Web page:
Assange promises to leak ‘a lot more’ materials on US presidential elections

WikiLeaks founder Julian Assange © Rodrigo Garrido
WikiLeaks possesses “a lot more” documents to surprise American voters ahead of the upcoming presidential elections - and will not hesitate to make them public.

The leak of 20,000 internal emails from the Democratic National Committee (DNC), published by the whistleblowing website on July 22 “is having so much political impact in the United States,” Julian Assange acknowledged to CNN in a Skype interview on Tuesday.

Speaking to America’s primary media outlet from the safety of Ecuadorian embassy in London, the WikiLeaks founder refused to disclose the source of the leaked batch of DNC emails, particularly avoiding denial or to confirmation of alleged Russian involvement, much talked about by Hillary Clinton’s campaign headquarters. He explained his lack of responsiveness by an obligation to protect WikiLeaks’ information sources.

“Perhaps one day the source or sources will step forward and that might be an interesting moment. Some people may have egg on their faces,” Assange said. “But to exclude certain actors is to make it easier to find out who our sources are. So we never do it.”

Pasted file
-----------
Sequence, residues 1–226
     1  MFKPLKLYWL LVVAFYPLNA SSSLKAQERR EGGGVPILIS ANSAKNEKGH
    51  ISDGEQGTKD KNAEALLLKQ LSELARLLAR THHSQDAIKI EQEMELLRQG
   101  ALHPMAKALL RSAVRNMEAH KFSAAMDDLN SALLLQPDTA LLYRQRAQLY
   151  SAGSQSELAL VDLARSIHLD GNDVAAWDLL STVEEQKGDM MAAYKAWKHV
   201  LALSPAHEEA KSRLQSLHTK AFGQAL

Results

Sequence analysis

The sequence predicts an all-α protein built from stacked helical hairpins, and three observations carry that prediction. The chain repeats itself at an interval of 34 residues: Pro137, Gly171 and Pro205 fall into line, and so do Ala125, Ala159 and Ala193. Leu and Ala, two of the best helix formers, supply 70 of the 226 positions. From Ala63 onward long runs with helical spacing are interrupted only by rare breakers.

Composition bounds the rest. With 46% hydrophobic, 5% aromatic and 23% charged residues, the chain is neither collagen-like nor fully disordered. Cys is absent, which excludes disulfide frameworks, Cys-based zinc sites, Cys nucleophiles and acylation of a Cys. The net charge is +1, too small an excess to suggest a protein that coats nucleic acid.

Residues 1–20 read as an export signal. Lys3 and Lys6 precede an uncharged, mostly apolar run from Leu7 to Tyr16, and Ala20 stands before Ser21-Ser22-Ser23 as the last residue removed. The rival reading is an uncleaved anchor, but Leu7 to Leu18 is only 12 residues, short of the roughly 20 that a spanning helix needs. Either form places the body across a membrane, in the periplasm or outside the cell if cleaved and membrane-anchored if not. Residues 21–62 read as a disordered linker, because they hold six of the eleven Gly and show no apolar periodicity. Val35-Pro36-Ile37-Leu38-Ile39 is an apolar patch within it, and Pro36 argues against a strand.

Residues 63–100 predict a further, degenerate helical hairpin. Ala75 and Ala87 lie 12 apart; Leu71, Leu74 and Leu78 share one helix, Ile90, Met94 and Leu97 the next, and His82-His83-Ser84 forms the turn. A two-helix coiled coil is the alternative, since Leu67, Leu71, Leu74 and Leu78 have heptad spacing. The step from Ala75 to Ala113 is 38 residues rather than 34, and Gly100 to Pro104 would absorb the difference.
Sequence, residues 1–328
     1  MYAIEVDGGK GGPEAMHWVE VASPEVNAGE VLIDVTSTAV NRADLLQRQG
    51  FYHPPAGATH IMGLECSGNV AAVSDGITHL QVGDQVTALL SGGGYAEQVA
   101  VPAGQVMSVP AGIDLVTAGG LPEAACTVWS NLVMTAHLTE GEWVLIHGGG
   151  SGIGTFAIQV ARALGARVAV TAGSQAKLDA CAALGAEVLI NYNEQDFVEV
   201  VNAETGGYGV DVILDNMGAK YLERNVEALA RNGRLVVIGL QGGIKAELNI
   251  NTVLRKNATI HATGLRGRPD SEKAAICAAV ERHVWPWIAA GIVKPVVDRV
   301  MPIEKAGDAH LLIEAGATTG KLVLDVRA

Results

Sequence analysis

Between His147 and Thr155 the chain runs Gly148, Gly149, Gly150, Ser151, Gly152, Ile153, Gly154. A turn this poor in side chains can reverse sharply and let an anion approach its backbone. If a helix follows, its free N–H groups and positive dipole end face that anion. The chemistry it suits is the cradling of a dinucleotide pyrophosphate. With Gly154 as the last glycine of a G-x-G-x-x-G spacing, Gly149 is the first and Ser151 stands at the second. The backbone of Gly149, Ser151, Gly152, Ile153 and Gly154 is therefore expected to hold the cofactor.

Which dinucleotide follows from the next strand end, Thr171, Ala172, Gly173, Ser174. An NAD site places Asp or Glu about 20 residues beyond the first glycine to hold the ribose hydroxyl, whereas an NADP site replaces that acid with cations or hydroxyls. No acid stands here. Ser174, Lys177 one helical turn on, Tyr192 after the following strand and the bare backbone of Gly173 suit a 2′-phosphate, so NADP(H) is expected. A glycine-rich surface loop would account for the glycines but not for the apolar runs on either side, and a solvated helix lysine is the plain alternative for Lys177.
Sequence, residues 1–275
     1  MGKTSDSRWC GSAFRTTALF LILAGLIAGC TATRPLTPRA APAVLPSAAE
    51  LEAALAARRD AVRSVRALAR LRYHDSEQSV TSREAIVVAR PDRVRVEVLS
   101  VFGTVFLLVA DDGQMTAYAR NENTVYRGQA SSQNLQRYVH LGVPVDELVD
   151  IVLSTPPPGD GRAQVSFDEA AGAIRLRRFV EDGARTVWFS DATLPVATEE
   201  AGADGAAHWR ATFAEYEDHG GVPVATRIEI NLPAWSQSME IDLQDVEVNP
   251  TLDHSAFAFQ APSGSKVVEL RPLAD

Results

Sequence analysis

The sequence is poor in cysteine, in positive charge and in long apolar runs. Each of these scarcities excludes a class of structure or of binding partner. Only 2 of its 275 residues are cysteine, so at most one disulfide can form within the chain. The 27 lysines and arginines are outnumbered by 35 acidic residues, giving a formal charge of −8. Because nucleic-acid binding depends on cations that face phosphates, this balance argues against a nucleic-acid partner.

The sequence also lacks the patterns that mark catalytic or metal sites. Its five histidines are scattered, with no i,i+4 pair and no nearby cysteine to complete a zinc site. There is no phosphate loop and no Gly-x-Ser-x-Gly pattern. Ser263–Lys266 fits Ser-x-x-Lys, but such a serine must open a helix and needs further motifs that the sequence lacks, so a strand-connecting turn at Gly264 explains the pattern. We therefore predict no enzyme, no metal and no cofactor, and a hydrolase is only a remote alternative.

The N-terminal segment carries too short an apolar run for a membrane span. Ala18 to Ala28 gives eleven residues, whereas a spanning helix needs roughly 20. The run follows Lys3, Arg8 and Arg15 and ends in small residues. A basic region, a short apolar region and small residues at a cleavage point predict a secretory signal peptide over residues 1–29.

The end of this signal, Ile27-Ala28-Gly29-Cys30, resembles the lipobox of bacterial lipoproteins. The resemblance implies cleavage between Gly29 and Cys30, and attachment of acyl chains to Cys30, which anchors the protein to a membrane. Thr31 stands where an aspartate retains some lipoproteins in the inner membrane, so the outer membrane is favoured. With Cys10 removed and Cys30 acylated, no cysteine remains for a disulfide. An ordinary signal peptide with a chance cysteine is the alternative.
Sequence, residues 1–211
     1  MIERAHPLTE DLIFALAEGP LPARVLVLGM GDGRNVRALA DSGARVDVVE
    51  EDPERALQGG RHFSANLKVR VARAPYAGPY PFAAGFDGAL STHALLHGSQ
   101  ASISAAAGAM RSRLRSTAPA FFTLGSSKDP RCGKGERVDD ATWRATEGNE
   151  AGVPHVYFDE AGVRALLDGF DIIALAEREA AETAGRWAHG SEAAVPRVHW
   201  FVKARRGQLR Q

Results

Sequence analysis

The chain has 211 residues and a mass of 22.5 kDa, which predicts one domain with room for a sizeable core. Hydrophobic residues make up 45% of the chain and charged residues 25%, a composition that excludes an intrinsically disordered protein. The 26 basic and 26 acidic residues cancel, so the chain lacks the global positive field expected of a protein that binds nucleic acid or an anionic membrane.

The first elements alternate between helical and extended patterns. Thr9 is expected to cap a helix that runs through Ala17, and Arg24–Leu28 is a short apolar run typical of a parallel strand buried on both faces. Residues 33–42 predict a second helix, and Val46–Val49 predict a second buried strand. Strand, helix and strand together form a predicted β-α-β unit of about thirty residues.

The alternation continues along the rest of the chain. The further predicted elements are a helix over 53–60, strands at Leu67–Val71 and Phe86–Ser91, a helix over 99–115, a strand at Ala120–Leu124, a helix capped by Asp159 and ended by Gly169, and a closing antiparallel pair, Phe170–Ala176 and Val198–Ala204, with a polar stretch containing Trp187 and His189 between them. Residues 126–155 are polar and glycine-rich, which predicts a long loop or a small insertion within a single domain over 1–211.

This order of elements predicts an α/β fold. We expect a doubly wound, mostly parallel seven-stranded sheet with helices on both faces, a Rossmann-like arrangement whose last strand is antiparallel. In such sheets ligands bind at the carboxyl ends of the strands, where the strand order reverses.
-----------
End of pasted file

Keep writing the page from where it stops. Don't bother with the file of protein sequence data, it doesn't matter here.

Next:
The famous whistleblower said that Hillary Clinton’s aides are focusing public’s attention on the unsubstantiated “Russian trail” in the delicate situation they had found themselves in. This is instead of trying to address the principle issue of the DNC email scandal: roughly plotting against rival Democratic candidate Bernie Sanders. The hacked letters cover the period from January to late May this year.

“What we have right now is the Hillary Clinton campaign using a speculative allegation about hacks that have occurred in the past to try and divert attention from our emails, another separate issue that WikiLeaks has published,” Assange said.

“I think this raises a very serious question, which is that the natural instincts of Hillary Clinton and the people around her, that when confronted with a serious domestic political scandal, that she tries to blame the Russians, blame the Chinese, etc.,” Assange noted.

"If she does that when she’s in government, that’s a political, managerial style that can lead to conflict,” he concluded.

A Kremlin spokesman has rejected allegations about Moscow’s possible role in the hacking of US Democratic Party emails published by WikiLeaks last week, calling such accusations "absurd."

"This is not good for our bilateral relations, but we understand that we simply have to get through this unpleasant period," Dmitry Peskov said.

Republican candidate Donald Trump himself laughed at Clinton headquarters’ allegations about him having ties with Moscow.

“In order to try and deflect the horror and stupidity of the Wikileakes [sic] disaster, the Dems said maybe it is Russia dealing with Trump. Crazy!” Trump tweeted. “For the record, I have ZERO investments in Russia.”